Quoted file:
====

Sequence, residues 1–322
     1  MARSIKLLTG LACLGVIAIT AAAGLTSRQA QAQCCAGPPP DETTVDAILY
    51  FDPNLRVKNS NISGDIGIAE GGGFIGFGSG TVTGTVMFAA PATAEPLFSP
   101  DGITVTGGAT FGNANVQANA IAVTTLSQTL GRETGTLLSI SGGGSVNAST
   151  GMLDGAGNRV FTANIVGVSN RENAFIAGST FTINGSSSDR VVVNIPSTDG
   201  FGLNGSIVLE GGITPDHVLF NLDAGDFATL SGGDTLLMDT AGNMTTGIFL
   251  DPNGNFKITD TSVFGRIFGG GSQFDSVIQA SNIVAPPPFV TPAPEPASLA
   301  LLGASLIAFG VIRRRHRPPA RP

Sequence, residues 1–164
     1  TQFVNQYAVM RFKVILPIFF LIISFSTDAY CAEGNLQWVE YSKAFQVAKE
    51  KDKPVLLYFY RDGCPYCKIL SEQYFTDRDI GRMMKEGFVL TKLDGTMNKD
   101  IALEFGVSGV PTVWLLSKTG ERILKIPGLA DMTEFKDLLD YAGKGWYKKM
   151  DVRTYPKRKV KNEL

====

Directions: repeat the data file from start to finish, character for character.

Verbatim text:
Sequence, residues 1–322
     1  MARSIKLLTG LACLGVIAIT AAAGLTSRQA QAQCCAGPPP DETTVDAILY
    51  FDPNLRVKNS NISGDIGIAE GGGFIGFGSG TVTGTVMFAA PATAEPLFSP
   101  DGITVTGGAT FGNANVQANA IAVTTLSQTL GRETGTLLSI SGGGSVNAST
   151  GMLDGAGNRV FTANIVGVSN RENAFIAGST FTINGSSSDR VVVNIPSTDG
   201  FGLNGSIVLE GGITPDHVLF NLDAGDFATL SGGDTLLMDT AGNMTTGIFL
   251  DPNGNFKITD TSVFGRIFGG GSQFDSVIQA SNIVAPPPFV TPAPEPASLA
   301  LLGASLIAFG VIRRRHRPPA RP

Sequence, residues 1–164
     1  TQFVNQYAVM RFKVILPIFF LIISFSTDAY CAEGNLQWVE YSKAFQVAKE
    51  KDKPVLLYFY RDGCPYCKIL SEQYFTDRDI GRMMKEGFVL TKLDGTMNKD
   101  IALEFGVSGV PTVWLLSKTG ERILKIPGLA DMTEFKDLLD YAGKGWYKKM
   151  DVRTYPKRKV KNEL